SINGAPORE: All secondary schools will develop two distinctive programmes by 2017 with the aim to help students connect academic knowledge to the real world and to develop their identity and values.
At the Education Ministry’s annual Work Plan Seminar, Minister Heng Swee Keat said the Applied Learning programme and Learning for Life programme will eventually make each secondary school distinctive.
Mr Heng said: “With each secondary school having a signature Learning for Life programme and an Applied Learning programme to complement its strong core of academic and student development programmes, every secondary school can provide for our students an education that is broad and deep and that prepares them for life. Every school will be distinctive.”
This is part of the Education Ministry’s vision to deliver a student-centric, values-driven education.
From journalism to business to beatboxing, all secondary school students will get to take part in at least two such programmes by 2017.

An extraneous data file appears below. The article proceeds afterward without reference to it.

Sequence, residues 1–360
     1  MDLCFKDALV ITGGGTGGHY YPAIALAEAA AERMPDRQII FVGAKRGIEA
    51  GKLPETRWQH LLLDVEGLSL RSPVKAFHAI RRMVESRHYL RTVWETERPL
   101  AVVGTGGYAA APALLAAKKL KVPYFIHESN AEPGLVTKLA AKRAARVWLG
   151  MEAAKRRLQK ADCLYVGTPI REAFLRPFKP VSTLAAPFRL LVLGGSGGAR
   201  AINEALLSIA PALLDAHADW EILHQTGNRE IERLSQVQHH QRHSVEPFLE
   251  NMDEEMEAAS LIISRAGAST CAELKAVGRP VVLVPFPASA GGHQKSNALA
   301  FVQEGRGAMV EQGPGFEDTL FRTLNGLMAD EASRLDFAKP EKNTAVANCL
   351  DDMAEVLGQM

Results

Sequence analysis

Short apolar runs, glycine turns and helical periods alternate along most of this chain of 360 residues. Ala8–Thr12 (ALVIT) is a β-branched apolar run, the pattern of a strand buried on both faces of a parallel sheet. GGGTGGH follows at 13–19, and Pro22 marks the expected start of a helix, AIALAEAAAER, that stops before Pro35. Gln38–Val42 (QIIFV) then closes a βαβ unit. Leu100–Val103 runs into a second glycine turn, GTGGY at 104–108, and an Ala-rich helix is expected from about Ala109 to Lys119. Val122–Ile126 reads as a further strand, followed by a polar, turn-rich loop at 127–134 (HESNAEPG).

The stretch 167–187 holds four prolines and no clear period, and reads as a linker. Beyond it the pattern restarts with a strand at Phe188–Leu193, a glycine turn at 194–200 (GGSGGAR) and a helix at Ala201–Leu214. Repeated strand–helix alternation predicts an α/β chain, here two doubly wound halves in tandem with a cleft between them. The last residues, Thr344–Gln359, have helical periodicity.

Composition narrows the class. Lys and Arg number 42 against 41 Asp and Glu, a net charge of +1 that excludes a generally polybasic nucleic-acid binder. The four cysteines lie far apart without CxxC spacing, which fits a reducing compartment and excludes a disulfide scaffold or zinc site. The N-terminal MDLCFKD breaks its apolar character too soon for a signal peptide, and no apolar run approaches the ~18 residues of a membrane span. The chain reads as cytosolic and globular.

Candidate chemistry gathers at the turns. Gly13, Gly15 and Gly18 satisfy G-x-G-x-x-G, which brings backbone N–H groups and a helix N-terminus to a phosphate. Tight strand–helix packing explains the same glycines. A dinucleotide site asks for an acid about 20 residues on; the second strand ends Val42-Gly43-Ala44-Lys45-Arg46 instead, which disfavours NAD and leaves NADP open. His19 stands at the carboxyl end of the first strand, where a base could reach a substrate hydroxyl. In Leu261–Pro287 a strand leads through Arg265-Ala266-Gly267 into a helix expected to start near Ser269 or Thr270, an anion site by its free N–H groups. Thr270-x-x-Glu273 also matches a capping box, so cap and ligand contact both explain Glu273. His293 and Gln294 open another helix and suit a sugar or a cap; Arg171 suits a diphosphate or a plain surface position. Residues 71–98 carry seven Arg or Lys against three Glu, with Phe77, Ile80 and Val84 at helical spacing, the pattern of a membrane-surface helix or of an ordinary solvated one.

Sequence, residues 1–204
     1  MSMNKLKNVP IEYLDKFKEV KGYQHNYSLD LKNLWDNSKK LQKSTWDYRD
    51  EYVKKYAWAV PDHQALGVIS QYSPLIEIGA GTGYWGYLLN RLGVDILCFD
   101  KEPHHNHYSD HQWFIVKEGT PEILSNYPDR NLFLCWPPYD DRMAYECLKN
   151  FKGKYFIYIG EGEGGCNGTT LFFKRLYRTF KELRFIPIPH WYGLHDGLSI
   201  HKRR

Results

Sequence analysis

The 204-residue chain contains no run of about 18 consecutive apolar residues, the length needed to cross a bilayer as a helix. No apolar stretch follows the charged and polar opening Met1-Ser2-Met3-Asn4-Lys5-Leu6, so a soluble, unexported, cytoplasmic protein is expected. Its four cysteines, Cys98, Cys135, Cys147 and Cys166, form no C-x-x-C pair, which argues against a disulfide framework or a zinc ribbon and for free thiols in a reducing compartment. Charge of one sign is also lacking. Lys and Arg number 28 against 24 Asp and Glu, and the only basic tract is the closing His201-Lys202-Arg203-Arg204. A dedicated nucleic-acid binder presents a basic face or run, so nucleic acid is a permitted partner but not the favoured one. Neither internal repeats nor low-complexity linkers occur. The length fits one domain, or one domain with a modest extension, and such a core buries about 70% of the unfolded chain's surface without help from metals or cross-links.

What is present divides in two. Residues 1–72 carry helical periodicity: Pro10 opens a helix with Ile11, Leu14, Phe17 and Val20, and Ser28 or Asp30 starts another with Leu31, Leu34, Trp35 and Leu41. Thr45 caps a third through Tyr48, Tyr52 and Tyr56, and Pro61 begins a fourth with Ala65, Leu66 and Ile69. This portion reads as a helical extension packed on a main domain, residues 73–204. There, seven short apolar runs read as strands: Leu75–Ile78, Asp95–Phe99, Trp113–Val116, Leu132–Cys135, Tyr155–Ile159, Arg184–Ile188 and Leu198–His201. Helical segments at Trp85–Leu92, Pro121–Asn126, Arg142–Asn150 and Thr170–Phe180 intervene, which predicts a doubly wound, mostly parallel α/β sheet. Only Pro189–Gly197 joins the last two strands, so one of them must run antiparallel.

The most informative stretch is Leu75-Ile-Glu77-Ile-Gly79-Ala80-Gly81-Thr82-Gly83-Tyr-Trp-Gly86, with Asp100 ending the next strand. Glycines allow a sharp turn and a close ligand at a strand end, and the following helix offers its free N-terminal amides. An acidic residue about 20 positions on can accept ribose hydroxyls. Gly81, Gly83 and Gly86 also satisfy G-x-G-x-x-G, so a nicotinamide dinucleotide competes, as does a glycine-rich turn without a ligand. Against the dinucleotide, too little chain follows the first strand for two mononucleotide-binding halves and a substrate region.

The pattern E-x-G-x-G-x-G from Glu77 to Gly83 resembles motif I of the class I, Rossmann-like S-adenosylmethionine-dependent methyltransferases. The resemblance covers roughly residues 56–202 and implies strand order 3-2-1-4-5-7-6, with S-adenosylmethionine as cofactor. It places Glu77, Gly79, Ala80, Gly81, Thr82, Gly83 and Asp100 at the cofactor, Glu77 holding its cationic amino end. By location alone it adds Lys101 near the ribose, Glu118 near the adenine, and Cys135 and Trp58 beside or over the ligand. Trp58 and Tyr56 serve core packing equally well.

Mr Heng said: “First, they will be for every student. Second, they will involve partners who will bring expertise and real world issues for students to grapple with. Third, the areas may transcend subject boundaries.”
And to do so, schools will either build on current niche programmes or develop new ones.
The Applied Learning programme will connect academic subjects to real-life applications.
One example is the robotics niche at Hai Sing Catholic School, which the school will extend to all Secondary 2 students in 2014.
It is planning to use programming and robotics to strengthen the student’s understanding of mathematics and science.
The Learning for Life programme is aimed at developing students’ identity and values through activities such as arts, sports and outdoor adventures.
In another effort to provide a more coherent educational experience for students, each school will now have a Year Head from Primary 1 to Secondary 4 or 5.
For example, the Year Head of Secondary 1 would oversee the transition of students from primary school.
These changes could eventually point to a different way of posting students to secondary school, especially since the government intends to remove the aggregate score for the Primary School Leaving Examination.
Mr Heng said: “Any change will need to be carefully considered and communicated. We will therefore allow enough time, over a few years, for our stakeholders to get used to the changes in our education system and the direction that we’re moving towards.”
At the annual work plan seminar, Mr Heng outlined his vision for the first 10 years of basic education.
He illustrated this in terms of breadth, depth and length, which means giving students a broad education with multiple pathways, and one with deep values and a deep foundation for their lifelong journeys.